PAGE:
The clock is ticking for companies that want to protect their trademark on Facebook, warn intellectual property lawyers.
Starting Saturday, at 12:01 a.m. EST, Facebook will allow an estimated 200 million users to select any "usernames," which can include a trademark, brand name or personal name. And if the owner hasn't registered the trademark first with Facebook, it's up for grabs.
Lawyers note that while the new usernames will be a good marketing tool for companies to promote their products on Facebook and direct users to their Web sites, cybersquatters could snatch the trademark first and exploit it.
That's why they're urging trademark owners to visit the Facebook site and register the trademark before the land rush on Saturday.
"This is really a way for someone who has a distinct or famous trademark to let Facebook know that others should not be allowed to register that page," said Brian Fergemann, a partner and intellectual property attorney at Chicago's Winston & Strawn, which issued a Web alert to clients this week, urging them to register their trademarks with Facebook. "They can just say, 'Please don't let anyone use my registered trademark,'" Fergemann said.
Fergemann said that cybersquatters and name-squatters -- those who squat on the trademark rights of others -- are a rapidly growing problem on the Internet, where people are setting up bogus accounts under company names or celebrities' names.
For example, there was a recent Twitter account bearing the name of football star Peyton Manning, quarterback of the Indianapolis Colts, but he had nothing to do with it. Pittsburgh Steelers quarterback Ben Roethlisberger also has had phony accounts bearing his name on Twitter, Facebook and MySpace.
In California, St. Louis Cardinals manager Tony La Russa is suing Twitter, alleging an unauthorized page using his name hurt his reputation and caused emotional distress. The suit, which was filed last month in state superior court in San Francisco, seeks unspecified damages.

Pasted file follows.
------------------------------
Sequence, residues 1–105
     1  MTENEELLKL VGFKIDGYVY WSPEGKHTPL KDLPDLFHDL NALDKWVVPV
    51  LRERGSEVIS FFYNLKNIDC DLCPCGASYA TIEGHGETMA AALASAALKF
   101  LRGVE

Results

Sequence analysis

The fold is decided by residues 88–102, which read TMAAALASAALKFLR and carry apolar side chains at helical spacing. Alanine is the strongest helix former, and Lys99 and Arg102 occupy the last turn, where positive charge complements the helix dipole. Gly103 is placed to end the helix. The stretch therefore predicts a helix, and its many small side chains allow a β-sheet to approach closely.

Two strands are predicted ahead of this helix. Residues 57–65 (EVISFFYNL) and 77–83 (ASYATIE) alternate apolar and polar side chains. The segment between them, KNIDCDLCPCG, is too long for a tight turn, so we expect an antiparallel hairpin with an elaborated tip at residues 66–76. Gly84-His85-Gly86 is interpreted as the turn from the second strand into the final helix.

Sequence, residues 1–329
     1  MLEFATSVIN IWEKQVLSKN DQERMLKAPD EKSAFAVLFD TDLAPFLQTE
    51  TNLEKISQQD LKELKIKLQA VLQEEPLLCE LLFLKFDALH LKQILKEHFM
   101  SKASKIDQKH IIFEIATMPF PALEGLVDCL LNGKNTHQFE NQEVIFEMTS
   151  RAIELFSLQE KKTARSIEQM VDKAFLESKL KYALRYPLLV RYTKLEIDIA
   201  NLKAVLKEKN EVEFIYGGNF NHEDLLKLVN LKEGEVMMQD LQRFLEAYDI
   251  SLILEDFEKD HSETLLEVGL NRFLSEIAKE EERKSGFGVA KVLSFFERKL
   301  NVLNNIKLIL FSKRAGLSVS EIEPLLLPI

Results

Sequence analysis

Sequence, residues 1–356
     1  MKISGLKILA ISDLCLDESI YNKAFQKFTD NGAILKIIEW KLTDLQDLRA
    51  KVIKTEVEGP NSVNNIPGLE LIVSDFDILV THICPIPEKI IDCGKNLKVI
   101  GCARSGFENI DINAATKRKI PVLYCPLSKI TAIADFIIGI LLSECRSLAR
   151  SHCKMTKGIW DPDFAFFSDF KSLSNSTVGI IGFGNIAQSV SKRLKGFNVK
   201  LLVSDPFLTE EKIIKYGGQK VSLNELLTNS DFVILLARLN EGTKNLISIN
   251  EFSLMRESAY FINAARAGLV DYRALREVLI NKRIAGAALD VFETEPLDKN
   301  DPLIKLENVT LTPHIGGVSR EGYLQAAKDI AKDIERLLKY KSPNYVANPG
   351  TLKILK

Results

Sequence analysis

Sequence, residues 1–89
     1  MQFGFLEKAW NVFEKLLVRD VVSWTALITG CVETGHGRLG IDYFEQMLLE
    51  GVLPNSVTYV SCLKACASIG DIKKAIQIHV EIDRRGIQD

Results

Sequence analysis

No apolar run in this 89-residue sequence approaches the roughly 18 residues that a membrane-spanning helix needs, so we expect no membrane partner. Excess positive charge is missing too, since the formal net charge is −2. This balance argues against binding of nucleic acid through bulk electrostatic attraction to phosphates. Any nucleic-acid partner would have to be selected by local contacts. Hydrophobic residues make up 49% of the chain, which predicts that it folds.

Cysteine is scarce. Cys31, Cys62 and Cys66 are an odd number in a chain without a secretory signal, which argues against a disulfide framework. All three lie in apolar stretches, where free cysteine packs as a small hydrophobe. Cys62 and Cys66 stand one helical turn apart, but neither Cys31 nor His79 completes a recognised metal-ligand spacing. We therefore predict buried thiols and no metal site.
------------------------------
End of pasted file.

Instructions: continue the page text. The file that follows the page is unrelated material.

Winston & Strawn also recently represented basketball star Chris Bosh of the Toronto Raptors in a cybersquatting federal lawsuit, in which someone had set up the Web site www.chrisbosh.com. The court ended up giving the domain name to the real Chris Bosh.
On the corporate trademark front, Fergemann explained that Facebook will now allow companies to plug their name into the username. In the past, a company could have a Web page on Facebook, but the URL assigned to that page was facebook.com, and then a random series of numbers and digits. It didn't identify the company by name. But now Facebook is changing that format to allow a much cleaner URL, which will appear as "facebook.com/company name."
To prevent cybersquatting, Facebook is giving brand owners a chance to pre-emptively protect their rights and block their trademarks from being used by others by registering the trademark before Saturday. And if a company misses the deadline, Facebook will feature a grievance procedure allowing brand owners to report that someone's username infringes on their intellectual property or publicity rights.
It's not risk-free, Fergemann said of the new Facebook username policy, but it has it's benefit.
"It is a great tool. It's kind of expanding the ability of people to use Facebook as a platform for advertising ... but at the same time, it creates this potential opportunity for people to squat on other people's trademarks," he said.
His advice: Quickly click on Facebook.
"It's very simple to do," he said. "There's a page on the Facebook Web site and you can provide your company's name, the trademark and the federal trademark registration number. And subject to their review, Facebook will reserve the trademark and not let anyone else use it."